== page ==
Voting Technologies and Their Role in an Impartial Election

Technology at its root is any advancement in an activity through improvements in tools or methods. The process for manually counting ballots from elections of any kind is a tedious task. Obviously, this has lead to countless improvements to the task. In addition to counting votes, the process of filling out a paper ballot gives room for user error. There could be issues with bubbling that leave it to be subjective for their voting preference in the election. In most cases, this will lead to the vote being invalidated. Technology can make the process for counting votes more efficient. In addition, it can lessen the likelihood of user error.

Past Voting Technology

According to MIT’s election data and science lab, the three methods below were the most popular methods utilized to count and cast votes in the past. They were hand counted paper ballots, mechanical lever machines, and punch card voting styles.

  • Hand Counted Paper Ballots – similar to the traditional scanned paper ballots used today, these hand counted paper ballots utilized the same fill in the blank voting style which were manually counted. This led to a margin of error that was created by humans manually counting the ballots. Also, the process took extraordinary amounts of time when compared to the technology available as time went on.
  •  Mechanical Lever – the mechanical lever technology was one of the first innovations utilized to make the process for counting and taking votes more efficient. A mechanical lever is pulled in the direction intended to cast a vote for a certain candidate. Meanwhile, the machine keeps a tally of the results that can be read at the end of voting. The machine itself maintains  an accurate count of the vote. However, these mechanical lever machines are actually not allowed to be utilized in federal elections anymore. This is because they do not provide a paper result that can be kept if a machine malfunctions.
  •  Punch Card – the punch card voting method are ballot cards with perforated “chads” that are to be punched out in order to be marked as a vote. This method was utilized as recently as 2000 in the Florida presidential election. However, it led to a massive Supreme Court case about whether certain ballots would be counted. That is because, some ballots had “hanging chads,” which were not completely punched.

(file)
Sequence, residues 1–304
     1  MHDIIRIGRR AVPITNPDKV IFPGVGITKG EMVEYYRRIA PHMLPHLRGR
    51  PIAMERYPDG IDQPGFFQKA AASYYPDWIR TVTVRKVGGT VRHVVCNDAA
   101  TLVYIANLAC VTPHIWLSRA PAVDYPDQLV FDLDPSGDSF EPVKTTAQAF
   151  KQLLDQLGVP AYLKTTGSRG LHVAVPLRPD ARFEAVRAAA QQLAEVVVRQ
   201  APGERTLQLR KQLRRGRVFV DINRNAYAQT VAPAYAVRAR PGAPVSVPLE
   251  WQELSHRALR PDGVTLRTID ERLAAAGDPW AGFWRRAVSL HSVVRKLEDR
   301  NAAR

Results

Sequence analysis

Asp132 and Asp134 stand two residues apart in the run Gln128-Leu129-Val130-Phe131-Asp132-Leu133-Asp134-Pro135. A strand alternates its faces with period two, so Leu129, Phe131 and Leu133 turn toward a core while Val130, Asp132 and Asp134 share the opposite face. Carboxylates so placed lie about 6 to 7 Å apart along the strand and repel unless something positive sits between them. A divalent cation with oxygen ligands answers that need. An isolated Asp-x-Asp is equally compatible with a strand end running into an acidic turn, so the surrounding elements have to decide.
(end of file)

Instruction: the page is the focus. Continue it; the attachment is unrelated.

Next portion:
Although these methods had some benefits, they were eventually all replaced in widespread use with more effective technologies.

Current Voting Technology

According to MIT’s election data and science lab, the current ways utilized to cast and count votes in federal elections are Scanned Paper Ballots and Direct-Recording Technology

  •  Scanned Paper Ballots – the scanned paper ballots are casted by hand in terms of choosing the preferred candidate. However, to count the votes, the ballot is fed through a computer that counts the vote. This way, it makes the counting process more efficient, while also leaving a paper ballot as a backup incase a recount is needed.
  •  Direct-Recording Electronic (DRE) – the DRE machines are the technological replacement to the mechanical lever voting machines discussed previously. The DRE machine is basically a computer that allows a voter to select their preferred candidate with a button or touchscreen display. The key difference between DRE machines and the mechanical lever machines is the paper trail created in the DRE machines. This allows for a paper receipt incase of malfunction or recount.

Potential Future Voting Method

The most popularly discussed methods to replace the current voting technology utilized today is Electronic Voting with Blockchain Technology. Blockchain technology is still currently being researched and tested to ensure it is secure. Election, especially elections as important as the United States Presidential election, must be secure. Experts from both Harvard and MIT have come out against Blockchain voting, noting that the security risks have not been fully taken care of. Nonetheless, trials are already underway in various local and foreign elections on smaller scales to test the idea of electronic voting with blockchain technology. The city of Kaga, Japan has been working on an electronic voting platform with blockchain technology. Additionally, a small number of counties in the United States Presidential Election allowed Absentee Ballots to be cast via an electronic voting technology named Voatz. Voatz utilizes Blockchain technologies, in addition to numerous other identity verification technologies. 

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Shane Bergey
Shane Bergey
Operations Assistant

I’m an Industrial Engineering Major at the University of Central Florida, GO KNIGHTS! At Grata, I am the Operations Assistant who makes sure everything is going to flow according to plan. Whether that be scheduling a meeting with clients or taking over quality assurance on a web and mobile application. In my limited free time, I like to hit the gym and go to amusement parks when I can.